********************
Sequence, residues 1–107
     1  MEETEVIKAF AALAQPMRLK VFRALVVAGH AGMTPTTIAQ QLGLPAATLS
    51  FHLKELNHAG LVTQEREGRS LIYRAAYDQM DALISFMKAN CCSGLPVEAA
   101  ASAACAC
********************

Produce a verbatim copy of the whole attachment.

Sequence, residues 1–107
     1  MEETEVIKAF AALAQPMRLK VFRALVVAGH AGMTPTTIAQ QLGLPAATLS
    51  FHLKELNHAG LVTQEREGRS LIYRAAYDQM DALISFMKAN CCSGLPVEAA
   101  ASAACAC